It finally happened.
After a few months of laughing at the idea of him playing for anyone other than the New England Patriots, and then another few months of second-guessing that thought, and then another few months of debating his potential landing spots and guessing whether or not he had the “guts” to leave, Tom Brady finally announced his intent to leave the New England Patriots.
Last night, it was reported by ESPN’s Adam Schefter and Jeff Darlington that he’d be signing with the Tampa Bay Buccaneers.
Per usual, many people have gone to Twitter to voice their opinion on Tom Brady’s plan to join forces with the “Quarterback Whisperer” Bruce Arians and his “no risk it, no biscuit” offense.
Arians is known for his infatuation with the deep ball and aggressive play-calling. His quarterback in 2019, Jameis Winston, owned an average depth of target of 10.8 yards downfield, but his new quarterback, TB12, was over two yards shorter than that a season ago.
My colleague Timo Riske, who does remarkable work within the football analytics community, wrote an article that explained that while Brady might not be a natural fit in his offense, he is still going to be a better fit in Arians’ offense than everyone thinks.
Riske detailed how Brady’s targeted routes and depth fluctuated by the receivers he had available at his disposal, and how we should expect there to be a significant change in 2020, given the presence of a downfield receiver like Mike Evans. You can read more about this in greater detail here.
Some have taken the side of “Tom Brady is a washed-up quarterback who averaged the third-fewest yards per attempt and fourth-lowest completion percentage last year.” But this, ladies and gentlemen, is a laughable take. Tom Brady is still very much a top-tier quarterback and the Tampa Bay Buccaneers have a well-constructed roster, and these things together make this team a Super Bowl contender ahead of the 2020 NFL season.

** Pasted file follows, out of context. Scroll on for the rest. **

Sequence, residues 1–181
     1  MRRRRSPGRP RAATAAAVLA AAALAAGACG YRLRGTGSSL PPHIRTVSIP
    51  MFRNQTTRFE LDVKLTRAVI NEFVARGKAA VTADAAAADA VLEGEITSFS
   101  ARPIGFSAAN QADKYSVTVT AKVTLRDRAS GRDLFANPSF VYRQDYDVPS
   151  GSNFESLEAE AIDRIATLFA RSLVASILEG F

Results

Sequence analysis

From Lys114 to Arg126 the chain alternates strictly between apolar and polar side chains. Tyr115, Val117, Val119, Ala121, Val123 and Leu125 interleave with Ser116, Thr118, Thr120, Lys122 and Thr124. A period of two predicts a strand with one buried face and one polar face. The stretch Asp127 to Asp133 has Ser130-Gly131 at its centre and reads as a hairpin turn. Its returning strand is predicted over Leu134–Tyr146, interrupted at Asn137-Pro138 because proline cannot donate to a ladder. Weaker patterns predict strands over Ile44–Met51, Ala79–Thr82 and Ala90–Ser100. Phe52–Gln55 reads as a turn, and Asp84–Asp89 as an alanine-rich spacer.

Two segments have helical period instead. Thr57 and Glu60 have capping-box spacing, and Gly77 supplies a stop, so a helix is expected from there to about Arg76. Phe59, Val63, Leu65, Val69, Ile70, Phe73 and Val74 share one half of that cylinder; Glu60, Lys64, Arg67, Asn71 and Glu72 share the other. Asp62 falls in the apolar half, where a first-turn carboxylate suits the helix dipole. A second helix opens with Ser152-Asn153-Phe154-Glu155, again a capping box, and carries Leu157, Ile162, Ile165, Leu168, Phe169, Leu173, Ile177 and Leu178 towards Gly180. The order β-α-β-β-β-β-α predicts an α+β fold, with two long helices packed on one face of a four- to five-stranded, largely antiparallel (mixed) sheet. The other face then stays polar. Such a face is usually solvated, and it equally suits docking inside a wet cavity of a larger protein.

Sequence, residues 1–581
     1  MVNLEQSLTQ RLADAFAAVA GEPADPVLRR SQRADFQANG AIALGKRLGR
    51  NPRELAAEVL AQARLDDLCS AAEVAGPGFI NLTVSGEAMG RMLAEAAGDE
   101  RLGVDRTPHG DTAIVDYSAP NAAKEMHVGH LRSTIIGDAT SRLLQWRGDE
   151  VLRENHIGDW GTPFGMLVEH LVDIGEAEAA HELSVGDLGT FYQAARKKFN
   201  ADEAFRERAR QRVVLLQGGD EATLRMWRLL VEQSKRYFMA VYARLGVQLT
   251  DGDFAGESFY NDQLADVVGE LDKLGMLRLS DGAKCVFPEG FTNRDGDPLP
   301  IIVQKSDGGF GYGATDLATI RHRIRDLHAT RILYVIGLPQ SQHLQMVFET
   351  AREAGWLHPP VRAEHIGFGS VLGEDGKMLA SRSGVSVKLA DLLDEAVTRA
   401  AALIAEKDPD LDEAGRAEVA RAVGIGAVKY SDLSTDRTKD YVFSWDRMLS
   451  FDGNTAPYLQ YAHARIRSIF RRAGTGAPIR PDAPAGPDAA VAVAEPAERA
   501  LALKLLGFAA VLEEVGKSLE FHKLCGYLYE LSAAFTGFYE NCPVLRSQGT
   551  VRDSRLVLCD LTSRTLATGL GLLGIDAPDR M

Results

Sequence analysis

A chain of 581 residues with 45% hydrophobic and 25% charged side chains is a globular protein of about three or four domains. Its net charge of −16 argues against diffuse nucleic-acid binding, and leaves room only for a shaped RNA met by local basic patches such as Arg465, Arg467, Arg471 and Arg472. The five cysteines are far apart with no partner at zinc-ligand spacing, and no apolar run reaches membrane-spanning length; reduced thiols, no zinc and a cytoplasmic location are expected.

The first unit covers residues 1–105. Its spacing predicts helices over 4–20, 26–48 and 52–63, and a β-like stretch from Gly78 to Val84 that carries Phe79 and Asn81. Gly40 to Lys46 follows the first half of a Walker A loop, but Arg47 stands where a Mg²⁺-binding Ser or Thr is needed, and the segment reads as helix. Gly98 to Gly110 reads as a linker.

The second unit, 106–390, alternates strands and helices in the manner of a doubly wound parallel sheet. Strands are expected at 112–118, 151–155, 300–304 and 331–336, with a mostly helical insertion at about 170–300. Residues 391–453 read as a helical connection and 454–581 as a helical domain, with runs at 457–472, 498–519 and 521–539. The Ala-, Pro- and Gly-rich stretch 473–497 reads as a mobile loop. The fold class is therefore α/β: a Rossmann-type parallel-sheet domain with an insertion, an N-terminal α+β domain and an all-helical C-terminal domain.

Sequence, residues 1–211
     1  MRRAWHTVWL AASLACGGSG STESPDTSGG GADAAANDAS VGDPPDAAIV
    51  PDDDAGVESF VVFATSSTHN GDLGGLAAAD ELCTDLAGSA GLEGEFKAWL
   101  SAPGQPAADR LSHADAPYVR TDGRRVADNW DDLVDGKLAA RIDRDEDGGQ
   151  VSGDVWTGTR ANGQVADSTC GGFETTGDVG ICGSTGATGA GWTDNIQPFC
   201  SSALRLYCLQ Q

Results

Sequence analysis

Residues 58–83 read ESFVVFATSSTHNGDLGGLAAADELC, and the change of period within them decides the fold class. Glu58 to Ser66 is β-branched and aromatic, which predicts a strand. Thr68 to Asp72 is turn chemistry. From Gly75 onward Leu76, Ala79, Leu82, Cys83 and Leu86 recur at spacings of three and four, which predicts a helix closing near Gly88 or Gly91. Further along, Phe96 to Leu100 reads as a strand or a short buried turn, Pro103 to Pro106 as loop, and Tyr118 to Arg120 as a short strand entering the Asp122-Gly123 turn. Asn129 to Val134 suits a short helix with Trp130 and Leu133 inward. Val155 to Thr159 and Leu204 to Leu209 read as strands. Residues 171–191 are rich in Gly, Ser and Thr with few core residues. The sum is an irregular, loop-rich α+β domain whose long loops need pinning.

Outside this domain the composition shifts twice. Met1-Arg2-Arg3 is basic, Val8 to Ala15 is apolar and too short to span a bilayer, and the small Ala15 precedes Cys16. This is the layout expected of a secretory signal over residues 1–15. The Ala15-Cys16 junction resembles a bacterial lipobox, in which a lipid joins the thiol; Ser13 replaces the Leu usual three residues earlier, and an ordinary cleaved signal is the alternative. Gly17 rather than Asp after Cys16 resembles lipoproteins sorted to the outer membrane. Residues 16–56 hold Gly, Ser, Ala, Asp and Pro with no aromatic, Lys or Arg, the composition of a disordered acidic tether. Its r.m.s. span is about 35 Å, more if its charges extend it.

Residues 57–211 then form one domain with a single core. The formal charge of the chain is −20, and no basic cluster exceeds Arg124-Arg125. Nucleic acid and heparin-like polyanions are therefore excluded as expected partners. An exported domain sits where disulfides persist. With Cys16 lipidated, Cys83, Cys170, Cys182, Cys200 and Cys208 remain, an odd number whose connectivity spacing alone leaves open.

Tom Brady still has juice left in the tank
Brady wasn’t the same top-three quarterback we all knew and (some) loved in 2019 — I’m certainly not arguing that he was. However, the six-time Super Bowl champion was still very much a way-above-average quarterback in 2019. He posted a PFF passing grade that ranked 12th in the NFL, and he did it with perhaps the worst supporting cast of his NFL career.
The 2019 New England receiving unit actually posted the worst receiving grade by a Patriots group in the PFF era (2006-present), and it was one of just two seasons in which they fell below the league average. The group also ended the season as the least valuable pass-catching unit of the Brady era, per PFF WAR.
For what it’s worth, the three highest-graded games of Brady’s 2019 season all came in the first three weeks of the season when he was armed with a healthy Julian Edelman, Josh Gordon and Antonio Brown (for one game).
Brady was among the 10 most accurate passers in the entire league on throws targeted 10 or more yards downfield last year, while his negatively graded throw rate (which is a stable metric for QBs from year to year) on those same throws also ranked among the league's 10 best passers.
His receivers, however, didn’t do any favors for Brady here, as they just flat-out struggled to gain any separation on their targets on those 10-plus-yard passes. In fact, Brady’s rate of tight-window passes on those throws was the eighth-highest rate in the league. And this just goes to show that Brady, by himself, can only do so much.